One could recount dozens of testimonies of scholars who grew up in or were saved in churches that regarded the New Scofield Reference Bible with the highest esteem, churches that held Prophecy Conferences regularly if not annually, churches whose libraries were well stocked with the books of Chafer, Walvoord, Ryrie, Pentecost, McClain, Feinberg and the other luminaries of classic dispensationalism. But when those young scholars went off to graduate school or seminary (even evangelical seminaries) they were disabused of those resources and enlightened to the profundities of Ladd, Dodd, Bruce, Barr, and Barth (!)…and these days James Dunn and N. T. Wright among others.
As an illustration I would offer the example of the book 20th Century Theology by Stanley J. Grenz and Roger E. Olsen.2 In many ways this is a fine piece of historical theology. And while no survey can cover everything, yet in that book none of the “old Dallas Seminary” authors are even mentioned and the subject of eschatology appears in only one index reference and that’s under the theology of Rudolph Bultmann! The message is clear: “scholarly theology” is simply not interested in the timing of the Rapture or the future of ethnic Israel.3
Resurgence of reformed theology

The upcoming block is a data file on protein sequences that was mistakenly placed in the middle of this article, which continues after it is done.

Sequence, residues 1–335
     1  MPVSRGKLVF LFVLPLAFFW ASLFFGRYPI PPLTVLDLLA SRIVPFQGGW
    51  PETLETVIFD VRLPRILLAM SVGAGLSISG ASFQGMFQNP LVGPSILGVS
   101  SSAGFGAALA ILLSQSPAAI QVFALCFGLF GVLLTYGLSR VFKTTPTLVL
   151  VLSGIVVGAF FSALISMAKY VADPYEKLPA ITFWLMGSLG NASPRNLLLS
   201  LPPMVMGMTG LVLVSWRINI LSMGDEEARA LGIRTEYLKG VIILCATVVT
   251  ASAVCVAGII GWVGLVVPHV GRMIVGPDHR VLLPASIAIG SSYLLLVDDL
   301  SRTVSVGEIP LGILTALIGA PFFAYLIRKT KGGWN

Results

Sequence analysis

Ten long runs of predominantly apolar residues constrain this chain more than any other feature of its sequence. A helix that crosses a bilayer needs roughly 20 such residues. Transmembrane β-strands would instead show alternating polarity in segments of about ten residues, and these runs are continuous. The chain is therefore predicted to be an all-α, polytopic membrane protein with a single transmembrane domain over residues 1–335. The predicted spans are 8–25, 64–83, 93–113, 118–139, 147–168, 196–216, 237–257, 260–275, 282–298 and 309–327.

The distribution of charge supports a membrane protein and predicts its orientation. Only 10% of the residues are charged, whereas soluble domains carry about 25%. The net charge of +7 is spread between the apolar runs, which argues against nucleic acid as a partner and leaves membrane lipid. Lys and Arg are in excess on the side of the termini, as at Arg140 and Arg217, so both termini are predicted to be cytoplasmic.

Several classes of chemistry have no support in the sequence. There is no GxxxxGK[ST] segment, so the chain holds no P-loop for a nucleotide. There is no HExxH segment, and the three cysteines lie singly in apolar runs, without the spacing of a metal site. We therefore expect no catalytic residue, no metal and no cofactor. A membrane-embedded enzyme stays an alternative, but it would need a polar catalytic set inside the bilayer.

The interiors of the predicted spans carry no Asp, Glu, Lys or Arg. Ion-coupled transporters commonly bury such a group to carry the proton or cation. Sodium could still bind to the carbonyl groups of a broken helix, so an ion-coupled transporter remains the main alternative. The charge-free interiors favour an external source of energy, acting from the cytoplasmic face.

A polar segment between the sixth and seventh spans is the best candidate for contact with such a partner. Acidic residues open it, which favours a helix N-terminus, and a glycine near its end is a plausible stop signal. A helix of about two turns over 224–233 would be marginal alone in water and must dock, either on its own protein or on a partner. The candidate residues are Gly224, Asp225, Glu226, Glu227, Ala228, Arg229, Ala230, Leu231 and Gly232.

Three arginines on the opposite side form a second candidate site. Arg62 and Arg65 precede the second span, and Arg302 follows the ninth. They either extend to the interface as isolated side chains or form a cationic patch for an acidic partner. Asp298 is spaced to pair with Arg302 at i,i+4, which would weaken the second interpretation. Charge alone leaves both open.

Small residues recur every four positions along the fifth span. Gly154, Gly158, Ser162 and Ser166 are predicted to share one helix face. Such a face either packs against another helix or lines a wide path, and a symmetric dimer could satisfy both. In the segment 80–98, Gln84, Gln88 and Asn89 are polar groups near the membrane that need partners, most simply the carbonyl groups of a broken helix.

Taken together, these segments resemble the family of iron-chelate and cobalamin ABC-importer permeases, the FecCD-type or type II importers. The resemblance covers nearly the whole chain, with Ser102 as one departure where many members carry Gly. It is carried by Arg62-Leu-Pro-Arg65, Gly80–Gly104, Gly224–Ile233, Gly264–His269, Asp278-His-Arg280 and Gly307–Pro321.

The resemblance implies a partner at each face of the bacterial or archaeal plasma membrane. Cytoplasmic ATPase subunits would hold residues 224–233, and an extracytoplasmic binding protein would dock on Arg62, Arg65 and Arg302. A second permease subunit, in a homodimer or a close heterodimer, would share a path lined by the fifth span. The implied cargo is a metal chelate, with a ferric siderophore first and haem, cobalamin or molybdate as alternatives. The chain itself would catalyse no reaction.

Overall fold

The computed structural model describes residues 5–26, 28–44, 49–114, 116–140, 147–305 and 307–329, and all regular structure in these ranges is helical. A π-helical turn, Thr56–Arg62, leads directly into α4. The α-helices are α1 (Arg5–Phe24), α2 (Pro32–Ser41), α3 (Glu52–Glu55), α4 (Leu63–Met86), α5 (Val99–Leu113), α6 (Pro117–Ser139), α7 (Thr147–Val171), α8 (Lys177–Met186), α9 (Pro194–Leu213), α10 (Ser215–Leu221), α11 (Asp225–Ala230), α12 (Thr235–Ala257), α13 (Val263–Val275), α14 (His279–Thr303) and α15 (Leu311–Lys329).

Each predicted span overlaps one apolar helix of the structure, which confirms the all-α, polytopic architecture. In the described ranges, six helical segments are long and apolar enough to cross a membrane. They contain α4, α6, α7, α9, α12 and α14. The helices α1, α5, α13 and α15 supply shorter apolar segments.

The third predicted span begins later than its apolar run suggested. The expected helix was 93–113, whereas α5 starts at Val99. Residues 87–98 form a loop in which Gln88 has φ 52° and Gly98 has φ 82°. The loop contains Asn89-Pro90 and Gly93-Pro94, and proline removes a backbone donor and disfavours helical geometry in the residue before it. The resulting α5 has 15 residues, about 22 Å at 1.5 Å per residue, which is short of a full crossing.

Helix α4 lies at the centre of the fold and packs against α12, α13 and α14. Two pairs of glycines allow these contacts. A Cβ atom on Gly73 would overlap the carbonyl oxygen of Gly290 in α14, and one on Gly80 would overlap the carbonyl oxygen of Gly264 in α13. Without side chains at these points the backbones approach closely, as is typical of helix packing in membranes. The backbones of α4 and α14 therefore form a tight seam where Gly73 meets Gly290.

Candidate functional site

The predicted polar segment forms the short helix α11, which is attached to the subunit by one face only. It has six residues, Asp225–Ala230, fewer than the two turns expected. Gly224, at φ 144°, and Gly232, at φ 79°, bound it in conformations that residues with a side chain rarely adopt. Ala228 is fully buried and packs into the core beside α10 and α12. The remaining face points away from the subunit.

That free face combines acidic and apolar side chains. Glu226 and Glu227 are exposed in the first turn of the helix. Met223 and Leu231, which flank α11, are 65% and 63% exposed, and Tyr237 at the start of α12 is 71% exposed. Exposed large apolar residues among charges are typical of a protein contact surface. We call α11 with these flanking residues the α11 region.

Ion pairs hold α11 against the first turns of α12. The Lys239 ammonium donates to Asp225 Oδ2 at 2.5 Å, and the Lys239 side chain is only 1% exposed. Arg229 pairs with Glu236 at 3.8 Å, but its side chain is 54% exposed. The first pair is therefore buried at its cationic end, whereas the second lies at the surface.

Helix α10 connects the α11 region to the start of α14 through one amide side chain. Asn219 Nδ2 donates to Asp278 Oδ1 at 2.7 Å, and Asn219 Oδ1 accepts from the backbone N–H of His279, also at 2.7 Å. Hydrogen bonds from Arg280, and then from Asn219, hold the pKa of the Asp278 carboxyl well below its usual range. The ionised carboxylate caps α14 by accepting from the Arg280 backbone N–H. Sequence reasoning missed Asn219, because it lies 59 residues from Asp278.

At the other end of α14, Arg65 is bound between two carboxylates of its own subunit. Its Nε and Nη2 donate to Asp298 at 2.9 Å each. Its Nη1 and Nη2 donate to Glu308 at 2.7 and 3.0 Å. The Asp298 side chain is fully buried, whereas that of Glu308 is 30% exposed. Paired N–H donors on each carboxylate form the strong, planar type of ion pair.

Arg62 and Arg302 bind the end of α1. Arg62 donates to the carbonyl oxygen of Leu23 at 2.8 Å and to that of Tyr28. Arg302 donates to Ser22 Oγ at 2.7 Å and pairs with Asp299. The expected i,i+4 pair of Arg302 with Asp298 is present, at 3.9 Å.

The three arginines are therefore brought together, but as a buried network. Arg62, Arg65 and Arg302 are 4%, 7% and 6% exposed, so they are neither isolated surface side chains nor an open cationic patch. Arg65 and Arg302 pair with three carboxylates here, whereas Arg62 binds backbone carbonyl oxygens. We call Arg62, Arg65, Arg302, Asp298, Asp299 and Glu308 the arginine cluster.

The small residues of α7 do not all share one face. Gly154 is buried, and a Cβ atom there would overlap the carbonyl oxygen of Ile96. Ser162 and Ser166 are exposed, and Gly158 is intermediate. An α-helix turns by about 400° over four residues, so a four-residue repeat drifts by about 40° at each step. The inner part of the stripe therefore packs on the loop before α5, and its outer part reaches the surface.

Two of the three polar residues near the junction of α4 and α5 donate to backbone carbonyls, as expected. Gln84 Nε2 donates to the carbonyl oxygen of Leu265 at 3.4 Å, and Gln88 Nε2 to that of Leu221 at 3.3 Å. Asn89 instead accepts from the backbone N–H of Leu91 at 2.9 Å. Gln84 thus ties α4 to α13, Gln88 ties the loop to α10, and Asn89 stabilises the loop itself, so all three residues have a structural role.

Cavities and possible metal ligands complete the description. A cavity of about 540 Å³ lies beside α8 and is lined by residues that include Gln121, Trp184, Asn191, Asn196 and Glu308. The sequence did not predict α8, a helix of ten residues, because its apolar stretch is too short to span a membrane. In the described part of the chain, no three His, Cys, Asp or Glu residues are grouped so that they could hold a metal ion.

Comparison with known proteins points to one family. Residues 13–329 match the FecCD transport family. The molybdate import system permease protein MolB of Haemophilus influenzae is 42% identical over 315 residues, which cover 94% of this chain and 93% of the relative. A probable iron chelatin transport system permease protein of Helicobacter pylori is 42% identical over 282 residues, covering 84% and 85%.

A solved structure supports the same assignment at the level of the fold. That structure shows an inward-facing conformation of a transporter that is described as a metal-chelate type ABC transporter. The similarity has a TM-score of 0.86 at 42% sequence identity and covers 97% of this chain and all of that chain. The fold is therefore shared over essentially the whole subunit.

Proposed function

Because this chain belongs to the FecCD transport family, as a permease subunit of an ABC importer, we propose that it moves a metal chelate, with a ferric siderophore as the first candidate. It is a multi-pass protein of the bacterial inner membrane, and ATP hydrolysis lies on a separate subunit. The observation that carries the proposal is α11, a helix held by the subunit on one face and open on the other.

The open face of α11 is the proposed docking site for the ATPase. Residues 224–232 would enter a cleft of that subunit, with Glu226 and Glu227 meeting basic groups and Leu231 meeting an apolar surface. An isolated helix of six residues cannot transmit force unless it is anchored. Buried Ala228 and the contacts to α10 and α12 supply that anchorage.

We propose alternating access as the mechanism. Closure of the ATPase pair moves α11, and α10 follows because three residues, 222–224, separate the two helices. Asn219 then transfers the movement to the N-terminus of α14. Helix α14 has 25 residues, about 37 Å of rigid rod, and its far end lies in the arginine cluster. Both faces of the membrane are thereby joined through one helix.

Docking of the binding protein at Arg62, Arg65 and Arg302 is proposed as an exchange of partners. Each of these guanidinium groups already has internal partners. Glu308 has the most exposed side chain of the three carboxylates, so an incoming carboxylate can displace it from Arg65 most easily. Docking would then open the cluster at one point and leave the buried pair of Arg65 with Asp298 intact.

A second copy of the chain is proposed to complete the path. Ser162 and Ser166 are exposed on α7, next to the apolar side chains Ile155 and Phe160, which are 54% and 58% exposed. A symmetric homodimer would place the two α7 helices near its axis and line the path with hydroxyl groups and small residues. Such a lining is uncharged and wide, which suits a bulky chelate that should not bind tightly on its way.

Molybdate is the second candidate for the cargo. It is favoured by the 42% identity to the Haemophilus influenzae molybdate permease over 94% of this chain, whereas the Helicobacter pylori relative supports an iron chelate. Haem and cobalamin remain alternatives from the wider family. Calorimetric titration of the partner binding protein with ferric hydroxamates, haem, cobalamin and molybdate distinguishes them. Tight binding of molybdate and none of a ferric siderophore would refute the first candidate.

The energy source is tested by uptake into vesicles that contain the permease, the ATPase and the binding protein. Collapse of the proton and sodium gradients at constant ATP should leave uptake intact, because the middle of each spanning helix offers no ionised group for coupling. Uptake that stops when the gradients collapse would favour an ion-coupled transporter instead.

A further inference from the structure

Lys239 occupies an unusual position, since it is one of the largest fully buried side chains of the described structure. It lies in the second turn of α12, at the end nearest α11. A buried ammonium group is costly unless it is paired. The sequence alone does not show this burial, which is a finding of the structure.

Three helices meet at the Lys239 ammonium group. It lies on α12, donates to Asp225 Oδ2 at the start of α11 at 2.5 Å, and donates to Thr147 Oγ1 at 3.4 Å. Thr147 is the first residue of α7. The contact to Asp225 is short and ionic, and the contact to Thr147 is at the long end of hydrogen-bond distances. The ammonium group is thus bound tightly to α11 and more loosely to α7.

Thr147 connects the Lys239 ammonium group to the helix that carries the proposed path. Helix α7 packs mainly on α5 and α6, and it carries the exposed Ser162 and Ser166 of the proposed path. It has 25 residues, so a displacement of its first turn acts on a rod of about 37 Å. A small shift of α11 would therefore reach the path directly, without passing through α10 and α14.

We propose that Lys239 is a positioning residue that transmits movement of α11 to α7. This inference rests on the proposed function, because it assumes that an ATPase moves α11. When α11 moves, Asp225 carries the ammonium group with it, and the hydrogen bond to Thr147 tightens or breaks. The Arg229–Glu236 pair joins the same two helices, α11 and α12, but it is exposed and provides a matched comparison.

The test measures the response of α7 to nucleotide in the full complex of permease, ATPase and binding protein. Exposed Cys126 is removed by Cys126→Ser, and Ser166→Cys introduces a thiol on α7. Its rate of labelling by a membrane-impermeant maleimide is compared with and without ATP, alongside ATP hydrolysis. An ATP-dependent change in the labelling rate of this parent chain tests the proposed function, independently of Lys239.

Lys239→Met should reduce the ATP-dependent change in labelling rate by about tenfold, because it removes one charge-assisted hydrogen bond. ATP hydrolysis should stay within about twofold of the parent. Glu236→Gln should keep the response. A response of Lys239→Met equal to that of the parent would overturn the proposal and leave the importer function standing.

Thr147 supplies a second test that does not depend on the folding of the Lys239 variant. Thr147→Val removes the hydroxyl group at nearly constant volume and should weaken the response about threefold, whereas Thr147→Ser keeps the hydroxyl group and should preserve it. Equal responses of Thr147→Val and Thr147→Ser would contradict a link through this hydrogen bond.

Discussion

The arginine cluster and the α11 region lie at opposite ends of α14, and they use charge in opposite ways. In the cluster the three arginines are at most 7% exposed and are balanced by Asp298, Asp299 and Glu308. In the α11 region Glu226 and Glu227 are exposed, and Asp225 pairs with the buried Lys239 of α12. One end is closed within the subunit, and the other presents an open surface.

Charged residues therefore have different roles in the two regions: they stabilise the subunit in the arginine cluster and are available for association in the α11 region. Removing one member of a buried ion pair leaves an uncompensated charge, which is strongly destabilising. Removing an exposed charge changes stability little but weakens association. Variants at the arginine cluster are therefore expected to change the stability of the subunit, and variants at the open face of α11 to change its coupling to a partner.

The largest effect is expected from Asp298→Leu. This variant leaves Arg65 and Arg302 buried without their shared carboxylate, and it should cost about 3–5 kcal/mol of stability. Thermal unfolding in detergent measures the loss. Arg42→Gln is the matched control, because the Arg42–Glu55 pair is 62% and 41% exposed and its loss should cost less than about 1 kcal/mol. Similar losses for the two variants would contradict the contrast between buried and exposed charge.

Also, there has recently been a resurgence of Reformed theology among a broader range of evangelicals. The rise of Reformed theology (Westminster Confession of Faith type of Reformed), especially among the so-called “young restless and reformed”4 has generally and in some cases specifically had a deleterious effect on the study of eschatology. And more to the point, it has contributed to a movement away from premillennial dispensationalism toward a murky amillennial covenantalism.5 Popular preachers in that mode like John Piper6 (not so young but very popular with the young, restless and reformed men), Mark Driscoll,7 Kevin DeYoung8 and others as well as Reformed bloggers like Tim Challies9 have been on record as discounting prophetic themes while pushing a Westminster Confession of Faith/Reformed point of view that is inherently supersessionist. My point is that many of our young people, influenced by the popularity of the preachers and bloggers noted above, are becoming supersessionist almost without thinking. And this is happening even if they will somewhere in their theology affirm a form of premillennialism.